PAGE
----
Tuesday 16 November 2010

Bag work

One piece of advice my late teacher Shuseki Shihan Tetsuhiko Asai stressed when I first met him at the JKA (Japan Karate Association) in the early 1990’s was to "regularly do impact training". Namely on the makiwara and sand bag. In this post I’d like to share five simple tips for training on the bag, which Asai Sensei always stressed, and I’ve found very useful in my practice.

1. When striking the bag make sure you are hitting optimally with whatever karada no buki (weapons of the body) you are using, and with the correct angle, depth and trajectory relevant for the target/technique. Therefore, you must fully `understand’ anatomy in the martial arts sense.

2. Don’t `box’, use the wide variety of techniques that karate has, and use them with ichigeki-hissatsu in mind at all times. Seek a finishing blow with every action (do not dwindle your training into sports fighting). Rather, focus specifically for actual self-defence.

3. The heavy bag is where you can impact with full power and develop your body for this, therefore, when doing bag work always seek to maximise your penetration power and effectiveness. Perfect your use of speed and power, and eradicate any unnecessary use of energy.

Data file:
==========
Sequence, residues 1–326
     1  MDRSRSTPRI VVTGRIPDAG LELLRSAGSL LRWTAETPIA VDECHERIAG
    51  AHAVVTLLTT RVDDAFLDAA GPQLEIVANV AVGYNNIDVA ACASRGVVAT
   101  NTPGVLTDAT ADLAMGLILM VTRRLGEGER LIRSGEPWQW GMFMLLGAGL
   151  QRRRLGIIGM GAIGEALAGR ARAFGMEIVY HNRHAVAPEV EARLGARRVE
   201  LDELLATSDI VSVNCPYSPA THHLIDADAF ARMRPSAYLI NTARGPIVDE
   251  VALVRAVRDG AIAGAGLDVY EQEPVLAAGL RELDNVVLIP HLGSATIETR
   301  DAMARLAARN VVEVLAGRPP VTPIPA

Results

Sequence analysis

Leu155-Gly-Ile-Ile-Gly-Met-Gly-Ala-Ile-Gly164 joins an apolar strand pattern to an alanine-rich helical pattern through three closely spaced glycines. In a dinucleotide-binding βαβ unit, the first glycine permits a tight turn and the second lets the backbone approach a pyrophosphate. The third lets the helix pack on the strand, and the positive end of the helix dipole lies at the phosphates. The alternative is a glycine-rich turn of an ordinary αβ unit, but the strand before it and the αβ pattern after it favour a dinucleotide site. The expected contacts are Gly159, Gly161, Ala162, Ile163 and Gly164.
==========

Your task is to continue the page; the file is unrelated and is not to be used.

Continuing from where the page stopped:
4. Don’t stand toe to toe with the bag, move around and attack from all angles and distances, and with different timing (both rhythmical and broken).

5. Avoid losing your kihon. Kihon (fundamentals), kata (formal exercises) and kumite (fighting) are one. Therefore, regardless of the training tool (heavy bag, makiwara, etc…) keep your technique. Never change your techniques to suit the tool, rather take the hard road, and make your techniques work!

Another thing Asai Sensei used to say was “hit the bottom of the bag” as he was an avid believer in conditioning of the body. My advice in this regards is to build up slowly, regardless of whatever training you take on. This way you can avoid injuries and make the most of your karate practice.

© André Bertel. New Zealand, 2010.

No comments: